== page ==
South Asia

US-funded militia in Helmand province to be expanded

Militia members in Afghanistan
Image caption Militias may fill some of the void as Nato pulls out of Afghanistan

A US-funded militia in the Afghan province of Helmand is to be expanded, provincial governor Golab Mangal says.

Mr Mangal told BBC Pashto that local armed groups of civilians were an important weapon in the struggle against the Taliban.

About 800 armed men are now being directly funded by the US in Helmand province, which makes them a larger force than the official police.

But they have been criticised for being heavy-handed and unaccountable.

In some cases, critics say, they have apparently been infiltrated by the Taliban.

But Mr Mangal played down the dangers of this happening.

"I give my people full assurances," he said.

"The moment these local forces mistreat people or fail to obey the law, they'll be dealt with. There'll be strict control of them.

"Their job is only to look after the security of their own areas. They don't have any other responsibilities, like running checkpoints or search operations. That's the job of the national police."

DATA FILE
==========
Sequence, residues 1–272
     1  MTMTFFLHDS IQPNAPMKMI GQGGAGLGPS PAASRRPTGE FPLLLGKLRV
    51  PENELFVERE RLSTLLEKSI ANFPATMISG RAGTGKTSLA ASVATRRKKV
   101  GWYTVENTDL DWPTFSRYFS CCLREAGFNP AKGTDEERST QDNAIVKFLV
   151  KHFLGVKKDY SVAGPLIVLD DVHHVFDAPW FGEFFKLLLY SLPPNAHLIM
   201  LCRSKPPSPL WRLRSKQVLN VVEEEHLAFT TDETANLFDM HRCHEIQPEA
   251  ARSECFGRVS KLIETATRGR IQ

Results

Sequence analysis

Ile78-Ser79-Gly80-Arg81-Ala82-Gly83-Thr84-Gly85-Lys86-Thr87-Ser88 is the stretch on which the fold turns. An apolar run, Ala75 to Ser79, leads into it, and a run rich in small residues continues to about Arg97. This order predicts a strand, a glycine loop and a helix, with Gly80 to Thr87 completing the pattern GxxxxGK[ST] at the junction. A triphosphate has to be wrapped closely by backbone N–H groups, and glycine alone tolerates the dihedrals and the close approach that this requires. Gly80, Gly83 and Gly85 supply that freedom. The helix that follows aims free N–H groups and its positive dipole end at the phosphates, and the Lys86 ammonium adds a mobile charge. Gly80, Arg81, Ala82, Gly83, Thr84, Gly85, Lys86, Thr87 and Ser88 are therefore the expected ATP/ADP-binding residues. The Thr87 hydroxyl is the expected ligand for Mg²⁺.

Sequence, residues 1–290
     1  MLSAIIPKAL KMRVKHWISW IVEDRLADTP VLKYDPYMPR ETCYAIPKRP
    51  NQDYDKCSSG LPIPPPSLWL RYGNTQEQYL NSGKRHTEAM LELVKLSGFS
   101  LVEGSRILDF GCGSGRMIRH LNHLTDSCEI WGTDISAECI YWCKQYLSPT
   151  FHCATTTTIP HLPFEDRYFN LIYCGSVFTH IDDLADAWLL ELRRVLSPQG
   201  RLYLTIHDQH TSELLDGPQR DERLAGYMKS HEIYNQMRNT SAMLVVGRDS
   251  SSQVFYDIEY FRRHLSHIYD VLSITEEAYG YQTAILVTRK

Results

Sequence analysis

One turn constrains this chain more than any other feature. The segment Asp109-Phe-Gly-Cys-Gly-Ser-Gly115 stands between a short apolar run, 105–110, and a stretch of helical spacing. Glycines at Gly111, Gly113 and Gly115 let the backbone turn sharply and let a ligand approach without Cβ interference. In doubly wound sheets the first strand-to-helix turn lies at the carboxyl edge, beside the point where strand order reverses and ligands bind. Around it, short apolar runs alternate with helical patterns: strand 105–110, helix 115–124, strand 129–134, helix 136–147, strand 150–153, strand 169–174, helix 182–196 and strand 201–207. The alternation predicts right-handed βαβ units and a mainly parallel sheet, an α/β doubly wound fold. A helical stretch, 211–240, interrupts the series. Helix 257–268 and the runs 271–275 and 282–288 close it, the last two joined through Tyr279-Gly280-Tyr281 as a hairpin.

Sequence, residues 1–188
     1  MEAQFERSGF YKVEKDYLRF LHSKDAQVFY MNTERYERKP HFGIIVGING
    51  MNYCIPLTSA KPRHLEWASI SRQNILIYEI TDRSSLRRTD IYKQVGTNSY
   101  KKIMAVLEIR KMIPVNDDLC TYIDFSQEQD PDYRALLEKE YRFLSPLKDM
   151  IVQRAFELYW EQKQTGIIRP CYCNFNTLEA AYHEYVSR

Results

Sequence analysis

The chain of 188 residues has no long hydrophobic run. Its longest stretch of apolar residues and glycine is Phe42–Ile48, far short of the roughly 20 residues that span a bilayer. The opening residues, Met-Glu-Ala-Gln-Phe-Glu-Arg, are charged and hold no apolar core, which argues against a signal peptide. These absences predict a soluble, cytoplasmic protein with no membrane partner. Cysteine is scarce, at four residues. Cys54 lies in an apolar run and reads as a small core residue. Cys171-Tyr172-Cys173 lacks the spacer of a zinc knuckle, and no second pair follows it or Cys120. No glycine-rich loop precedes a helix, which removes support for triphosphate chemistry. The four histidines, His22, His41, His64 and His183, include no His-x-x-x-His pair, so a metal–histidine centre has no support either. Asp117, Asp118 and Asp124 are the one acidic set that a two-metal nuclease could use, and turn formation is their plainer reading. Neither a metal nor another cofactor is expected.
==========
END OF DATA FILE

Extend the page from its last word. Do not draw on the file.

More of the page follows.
The BBC's Jill McGivering says that the governor's comments contradict some Western media reports that the programmes might be reduced because of concerns about their growing influence and lack of accountability.

Our correspondent says that local anti-Taliban defence forces have been hailed as an important part of the government's security strategy in Afghanistan.

Paid per person by the US, these militia now operate in several of the country's most violent provinces.

Mr Mangal said that while they had proved successful in Helmand, there was a possibility they could be infiltrated by the Taliban because the militia fighters may come from areas which sympathise with the militants.

He warned that if there was no proper control of the recruitment process, there was also a danger that those joining the militias might turn to crime or other anti-social and illegal activities, including harassing local people and theft.

"That is a possibility. But so far we've adopted very serious control measures," he said.